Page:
Break out big queries into separate, intermediate queries because often times those intermediate queries and simplified queries, are easier for the query optimizer to optimize which results in higher quality plan , meaning better performance. The other thing is don’t be afraid to use sub stored-procedures. So instead of having one massive store procedure, you could have a controller stored-procedure and then based on the input parameters you could forward it to other sub-stored procedures.
Excessive Recompilations and Hint Misuses
I have seen in my experience where RECOMPILE option is used inside SQL Server Stored procedure which end-up causing excessive recompilation. The data was pretty static and query plan generated at each compilation end up being the same. When in doubt, you let SQL Server decide best course of action rather than you forcing HINTS.If you have a compelling data to force the HINT , then it might make sense.
Transactions and Isolation Levels
Having explicit transaction with higher ISOLATION level can wreck havoc on your concurrency and cause unwanted effects.
Evaluate how the data is going to be used. Do you really need explicit Transactions. Not every thing we do in real life is needs Transaction. We can live with eventual consistency and close to reality data. Work with your business to identify the data accuracy needs and pick ISOLATION level which suits your business needs.
In real life, its harder to gleam that information.
Incorrect Data Types
I have seen this happen ubiquitously.Even Experienced developers and architects make this mistake frequently.
Example, whether you need INT or GUID. Clear understanding of various Data Types pros and cons makes a huge difference in designing optimally performing databases.
Picking GUID DataType would cause lot of page splits , which in turn would cause more IOs.If you are already suffering from IO Bottleneck, these choices would pretty much kill the performance of your system as well as your queries.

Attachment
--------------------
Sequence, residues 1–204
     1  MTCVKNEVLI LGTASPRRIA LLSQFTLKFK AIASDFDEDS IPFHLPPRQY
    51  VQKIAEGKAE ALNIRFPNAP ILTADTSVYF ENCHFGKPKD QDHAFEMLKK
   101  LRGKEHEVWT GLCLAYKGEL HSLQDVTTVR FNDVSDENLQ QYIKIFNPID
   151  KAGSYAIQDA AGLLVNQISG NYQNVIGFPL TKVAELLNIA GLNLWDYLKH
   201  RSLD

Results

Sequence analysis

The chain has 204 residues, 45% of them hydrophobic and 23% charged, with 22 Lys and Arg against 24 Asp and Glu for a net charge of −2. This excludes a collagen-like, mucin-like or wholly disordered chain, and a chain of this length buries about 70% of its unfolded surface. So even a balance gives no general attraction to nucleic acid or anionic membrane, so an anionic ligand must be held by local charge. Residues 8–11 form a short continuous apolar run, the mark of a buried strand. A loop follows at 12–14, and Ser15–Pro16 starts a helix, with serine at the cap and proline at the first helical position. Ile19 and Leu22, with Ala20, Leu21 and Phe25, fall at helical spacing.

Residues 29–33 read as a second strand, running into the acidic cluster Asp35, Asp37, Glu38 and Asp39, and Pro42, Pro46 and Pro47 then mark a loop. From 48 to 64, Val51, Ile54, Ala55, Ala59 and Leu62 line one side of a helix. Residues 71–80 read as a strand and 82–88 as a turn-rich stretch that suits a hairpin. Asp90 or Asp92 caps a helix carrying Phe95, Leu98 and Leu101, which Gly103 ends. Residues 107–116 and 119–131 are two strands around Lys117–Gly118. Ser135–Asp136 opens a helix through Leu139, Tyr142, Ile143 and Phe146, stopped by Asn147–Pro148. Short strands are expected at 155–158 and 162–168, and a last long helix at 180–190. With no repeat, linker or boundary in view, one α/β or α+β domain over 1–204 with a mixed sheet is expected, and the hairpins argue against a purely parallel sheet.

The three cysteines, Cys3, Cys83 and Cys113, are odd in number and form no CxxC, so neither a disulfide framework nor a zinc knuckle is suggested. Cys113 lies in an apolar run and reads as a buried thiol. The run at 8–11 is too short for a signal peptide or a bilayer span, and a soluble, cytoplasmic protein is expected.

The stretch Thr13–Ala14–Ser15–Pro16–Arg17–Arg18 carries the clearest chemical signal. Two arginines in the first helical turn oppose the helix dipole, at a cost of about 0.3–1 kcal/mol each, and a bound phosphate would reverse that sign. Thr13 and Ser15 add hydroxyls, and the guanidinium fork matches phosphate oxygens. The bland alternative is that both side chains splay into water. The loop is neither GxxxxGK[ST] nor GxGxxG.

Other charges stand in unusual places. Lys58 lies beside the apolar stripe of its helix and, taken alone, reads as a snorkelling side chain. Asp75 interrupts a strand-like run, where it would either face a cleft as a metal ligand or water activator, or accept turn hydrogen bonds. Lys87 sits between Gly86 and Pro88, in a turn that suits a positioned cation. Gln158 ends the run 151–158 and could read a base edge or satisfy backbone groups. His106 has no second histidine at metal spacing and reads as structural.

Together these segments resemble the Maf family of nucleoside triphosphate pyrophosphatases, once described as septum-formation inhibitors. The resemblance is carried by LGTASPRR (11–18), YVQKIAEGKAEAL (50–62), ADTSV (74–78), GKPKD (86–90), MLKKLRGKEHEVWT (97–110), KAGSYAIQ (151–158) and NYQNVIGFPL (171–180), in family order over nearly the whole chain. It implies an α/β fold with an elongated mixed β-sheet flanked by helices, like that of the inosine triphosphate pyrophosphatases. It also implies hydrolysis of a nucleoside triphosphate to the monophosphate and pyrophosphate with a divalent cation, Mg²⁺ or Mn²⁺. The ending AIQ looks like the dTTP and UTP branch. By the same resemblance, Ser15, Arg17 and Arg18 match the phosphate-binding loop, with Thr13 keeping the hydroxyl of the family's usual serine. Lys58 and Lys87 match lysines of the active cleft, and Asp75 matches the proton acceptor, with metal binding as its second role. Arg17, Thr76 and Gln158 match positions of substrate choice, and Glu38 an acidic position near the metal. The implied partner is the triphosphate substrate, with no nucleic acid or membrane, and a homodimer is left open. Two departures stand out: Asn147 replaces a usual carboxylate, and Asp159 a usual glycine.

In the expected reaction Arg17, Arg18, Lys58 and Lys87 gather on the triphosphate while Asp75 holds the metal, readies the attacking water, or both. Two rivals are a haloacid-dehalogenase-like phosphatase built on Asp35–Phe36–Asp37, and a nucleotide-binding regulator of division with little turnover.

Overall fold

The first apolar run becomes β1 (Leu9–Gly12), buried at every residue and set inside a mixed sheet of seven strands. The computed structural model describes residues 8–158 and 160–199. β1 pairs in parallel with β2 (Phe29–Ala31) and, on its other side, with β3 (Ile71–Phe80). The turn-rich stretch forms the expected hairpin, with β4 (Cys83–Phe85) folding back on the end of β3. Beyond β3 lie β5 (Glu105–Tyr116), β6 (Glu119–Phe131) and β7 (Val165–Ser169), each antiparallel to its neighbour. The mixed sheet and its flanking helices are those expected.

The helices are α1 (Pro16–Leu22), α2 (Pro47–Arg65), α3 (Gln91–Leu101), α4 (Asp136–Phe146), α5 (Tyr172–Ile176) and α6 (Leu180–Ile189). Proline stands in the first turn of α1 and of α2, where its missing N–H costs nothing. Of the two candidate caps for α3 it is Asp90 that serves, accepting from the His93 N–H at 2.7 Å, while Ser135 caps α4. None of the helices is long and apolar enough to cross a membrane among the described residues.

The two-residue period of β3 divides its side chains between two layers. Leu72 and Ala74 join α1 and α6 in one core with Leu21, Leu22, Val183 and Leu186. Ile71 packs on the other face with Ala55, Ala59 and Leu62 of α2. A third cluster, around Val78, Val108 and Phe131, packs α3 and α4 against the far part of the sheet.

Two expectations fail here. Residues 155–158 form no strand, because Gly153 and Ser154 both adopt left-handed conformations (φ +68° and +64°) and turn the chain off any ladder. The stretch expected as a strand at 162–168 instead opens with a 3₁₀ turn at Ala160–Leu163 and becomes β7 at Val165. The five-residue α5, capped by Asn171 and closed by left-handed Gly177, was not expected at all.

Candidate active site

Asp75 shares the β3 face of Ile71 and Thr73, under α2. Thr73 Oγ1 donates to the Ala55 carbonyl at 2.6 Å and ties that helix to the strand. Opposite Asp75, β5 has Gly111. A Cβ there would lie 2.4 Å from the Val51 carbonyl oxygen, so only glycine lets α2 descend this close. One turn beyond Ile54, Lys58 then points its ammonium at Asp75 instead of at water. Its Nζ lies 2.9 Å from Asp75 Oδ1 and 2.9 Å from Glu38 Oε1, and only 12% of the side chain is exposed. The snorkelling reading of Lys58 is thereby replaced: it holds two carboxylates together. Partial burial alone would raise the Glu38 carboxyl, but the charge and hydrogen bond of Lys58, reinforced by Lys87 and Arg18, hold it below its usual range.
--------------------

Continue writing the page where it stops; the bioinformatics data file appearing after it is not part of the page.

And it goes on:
On the other hand, if you have several hundred processes simultaneously writing to single table, GUID would help avoid hotspots.
|Storage||16 bytes||16 bytes||8 bytes||4 bytes|
|Insert/Update performance||Slowest||Comparable but the index keys are larger in size. For wider tables, this would be slower than Integer values.||Faster than sequential GUIDs||Fastest|
|Hotspot contention||Very rare||Yes||Yes||Highest, due to smaller size of RIDs|
|JOIN Performance/SORT operations||Least performance(Rank 4 = Least performance)||Better than random GUIDs due lesser fragmentation (Rank: 3)||High performance (Rank: 2)||HighPerformance(Rank: 1)|
|Logical reads||Rank 4=Highest||Rank 3||Rank 2||Rank 1=Least|
|Merging data across servers||Beneficial||Beneficial||Difficult||Difficult|
|Uniqueness||Rare chance of duplicates||Globally unique. Virtually no chance of collisions||Limited by range of BIGINT||Limited by ran|
Having this understanding can make a huge difference in designing and scaling your database.
DATEIME DATA TYPE USUAGE
GETDATE() AND GETUTCDATE() SQL Server in-built functions are used for capturing DATETIME values for CreatedDateTime,UpdatedDateTime values of a row.
GETDATE() returns Server DATETIME stamp. When you want to backup database from one region and restore it on another region and make sense out of GETDATE(),
it will be hard. You don’t know whether it came from where.
Using UTC DateTime saves you ton of headache down the line. You probably don’t think about going international or multi-region right away. But things get there,
these small considerations make a huge difference being successful.
Here is a quick comparison of the different Date and Time Data types,
|Datatype||Range||Precision||Nbr Bytes||User Specified Precision|
|SMALL DATETIME||1900-01-01 to 2079-06-06||1 minute||4||No|
|DATETIME||1753-01-01 to 9999-12-31||.00333 seconds||8||No|
|DATETIME2||0001-01-01 to 9999-12-31 23:59.59.9999999||100 ns||6-8||Yes|